As anyone lucky enough to have Ween at the Starfish Room on the Chocolate & Cheese tour knows full, once upon a time, getting fucked up was a regular occurrence for Ween. But that was playing for 400 people in shitty dive bars. On this night, Freeman—and Freeman alone—blew it in front of nearly 3,000 fans who’d paid $50 a ticket. And you didn’t have to be a fly on a wall to realize that the Boognish and the singer’s bandmates weren’t the only ones not amused.

Share this post

Link to post
Share on other sites

Ya. I wasn't going to speculate, but he did spend about 15 minutes lying down while the band kept trying to jam their way out of Reggae Junkie Jew, and whenever they almost did, he would reach over, grab the mic, and yell "Jew!"

It was actually hilarious, and I got covers of Ace of Spades and Let's Dance, as well as a My Own Bare Hands, so I'm happy.

Share this post

Link to post
Share on other sites

They played (together) from 8:15 to about 10:05. Then they abandoned Gener, who bumbled around until about 10:30. The venue would have wanted them done by 11, and would have let them push an encore for maybe another 15 minutes after that, so I figure we missed 45 minutes; tops.

I don't care what anyone says. That was awesome! Totally worth the trip down to Vancouver.


Share this post

Link to post
Share on other sites

Two years after he laid beloved band Ween to rest in troublesome fashion, spiraling into substance abuse and then sharing news of the breakup with Rolling Stone before he told his bandmates, the artist formerly known as Gene Ween is opting to step outside of its shadow.

Aaron Freeman, as his family calls him, has relocated to Woodstock, New York, where he has spent time sobering up and teaching at a music school for kids. Out of those experiences emerged Freeman, his first LP of original post-Ween songs, slated for release in July. It’s a disarmingly sweet set, full of lush vocal harmonies and emotional pleas that bear much of Ween’s melodic gift but none of its juvenile smirk. It’s also unflinching in its lyrical concerns. The first and best track, “Covert Discretion,†addresses a 2011 onstage meltdown in Vancouver, British Columbia, where Freeman was effectively too wasted to perform, and exorcises a flurry of other Ween-related demons. In it, Freeman affirms his decision to shutter that book: “Man, you’ve got to end this / Just walk away / Your money or your life.â€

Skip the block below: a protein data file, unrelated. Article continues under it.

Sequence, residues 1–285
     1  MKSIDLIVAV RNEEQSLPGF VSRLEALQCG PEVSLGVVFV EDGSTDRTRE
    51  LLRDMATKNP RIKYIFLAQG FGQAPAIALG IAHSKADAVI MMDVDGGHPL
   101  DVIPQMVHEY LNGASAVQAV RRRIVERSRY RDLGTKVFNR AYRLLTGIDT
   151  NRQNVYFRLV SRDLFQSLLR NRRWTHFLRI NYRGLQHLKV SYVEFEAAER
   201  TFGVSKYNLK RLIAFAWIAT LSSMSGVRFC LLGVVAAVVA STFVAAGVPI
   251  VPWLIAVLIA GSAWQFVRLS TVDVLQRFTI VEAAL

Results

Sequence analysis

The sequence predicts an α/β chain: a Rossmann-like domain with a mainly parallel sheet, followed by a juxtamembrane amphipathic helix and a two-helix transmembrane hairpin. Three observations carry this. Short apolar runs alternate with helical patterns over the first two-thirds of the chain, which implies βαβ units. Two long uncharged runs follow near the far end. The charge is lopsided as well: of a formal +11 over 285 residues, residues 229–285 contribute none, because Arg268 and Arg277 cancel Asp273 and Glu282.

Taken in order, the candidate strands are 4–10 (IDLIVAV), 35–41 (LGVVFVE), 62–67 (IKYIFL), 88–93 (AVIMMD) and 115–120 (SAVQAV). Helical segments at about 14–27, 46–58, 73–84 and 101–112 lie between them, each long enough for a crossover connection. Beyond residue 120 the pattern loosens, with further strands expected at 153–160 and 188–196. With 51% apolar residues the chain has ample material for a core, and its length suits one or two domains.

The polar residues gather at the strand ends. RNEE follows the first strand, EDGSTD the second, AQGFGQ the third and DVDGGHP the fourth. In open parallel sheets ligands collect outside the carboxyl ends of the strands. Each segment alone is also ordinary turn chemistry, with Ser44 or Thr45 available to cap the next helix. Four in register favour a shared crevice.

In a recent phone conversation, the artist shared how Freeman came to be and slowly discussed the Ween breakup, explaining his only regret in ending the cult rock group’s 25-year run.

I opted not to tell him about Demon Sweat, the Ween cover band I briefly fronted in college. This was probably the best choice.

I’ve read several things that talk about this record in the context of your newfound sobriety. Do you think getting sober affected your songwriting?

No. [laughs] Not at all. The songs are the same as ever.

Did it influence some of the lyrics?


The first song, “Covert Discretion,†pretty directly references your time in Ween and an onstage incident in 2011. Can you tell me about that?

It’s like, there’s this whole new thing with music now. I think it’s great how the Internet works, but it’s like, do I really want to explain these songs two months before it comes out? That is just a song that kind of goes over some things, and I’m excited for people to hear it. I’m excited for people to hear the whole record. I don’t want to go over each song. I think it’s all f**ked up.

So let’s talk about the album. Were these songs all written recently or were any of them written when you were in Ween?

The song “Covert Discretion†actually I wrote a week after I played this show in Vancouver. I actually forgot about it. I wrote it in a hotel room. I revisited it and listened to it. I was like, Oh s**t, this should definitely go on the record, this is a great song. I hadn’t written anything in like a year and a half. I came up to Woodstock, and I started working at this place called the Academy of Rock. It’s sort of similar to the School of Rock. Founded by a very close friend of mine, Paul Green. So we moved up here. I was ready for a change. This is basically kids 7 through 15.

Like the movie School of Rock?

It’s exactly like the movie! I think it’s really based on Paul. He’s such an amazing teacher.